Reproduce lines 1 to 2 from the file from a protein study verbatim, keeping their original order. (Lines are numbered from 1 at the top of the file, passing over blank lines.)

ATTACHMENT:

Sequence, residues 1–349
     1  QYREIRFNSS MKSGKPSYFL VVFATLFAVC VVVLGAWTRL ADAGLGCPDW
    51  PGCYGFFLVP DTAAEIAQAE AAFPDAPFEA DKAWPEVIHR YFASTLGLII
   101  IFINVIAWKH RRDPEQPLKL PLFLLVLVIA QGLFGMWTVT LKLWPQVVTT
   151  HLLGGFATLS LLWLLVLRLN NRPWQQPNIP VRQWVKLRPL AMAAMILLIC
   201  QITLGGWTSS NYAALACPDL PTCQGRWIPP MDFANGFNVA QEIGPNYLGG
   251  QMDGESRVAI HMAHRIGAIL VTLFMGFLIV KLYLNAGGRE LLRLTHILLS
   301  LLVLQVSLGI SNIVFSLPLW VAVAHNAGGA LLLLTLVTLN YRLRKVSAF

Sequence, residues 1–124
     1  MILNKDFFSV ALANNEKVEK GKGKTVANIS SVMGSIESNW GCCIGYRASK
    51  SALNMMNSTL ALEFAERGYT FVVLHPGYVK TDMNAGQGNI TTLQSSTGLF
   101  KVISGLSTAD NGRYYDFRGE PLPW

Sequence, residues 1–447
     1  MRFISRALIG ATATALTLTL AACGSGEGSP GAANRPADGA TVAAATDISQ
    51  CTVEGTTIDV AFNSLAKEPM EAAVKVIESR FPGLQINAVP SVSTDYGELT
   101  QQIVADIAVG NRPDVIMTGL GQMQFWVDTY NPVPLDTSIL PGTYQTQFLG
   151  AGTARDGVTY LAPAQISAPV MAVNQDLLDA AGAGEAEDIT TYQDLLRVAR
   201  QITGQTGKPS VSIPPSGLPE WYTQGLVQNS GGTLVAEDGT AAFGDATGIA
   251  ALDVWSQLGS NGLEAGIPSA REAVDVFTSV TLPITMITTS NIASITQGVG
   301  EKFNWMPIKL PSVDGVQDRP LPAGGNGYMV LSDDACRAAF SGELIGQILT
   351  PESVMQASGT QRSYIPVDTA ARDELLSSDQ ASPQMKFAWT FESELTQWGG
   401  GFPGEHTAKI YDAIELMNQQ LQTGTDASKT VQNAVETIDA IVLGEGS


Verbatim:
Sequence, residues 1–349
     1  QYREIRFNSS MKSGKPSYFL VVFATLFAVC VVVLGAWTRL ADAGLGCPDW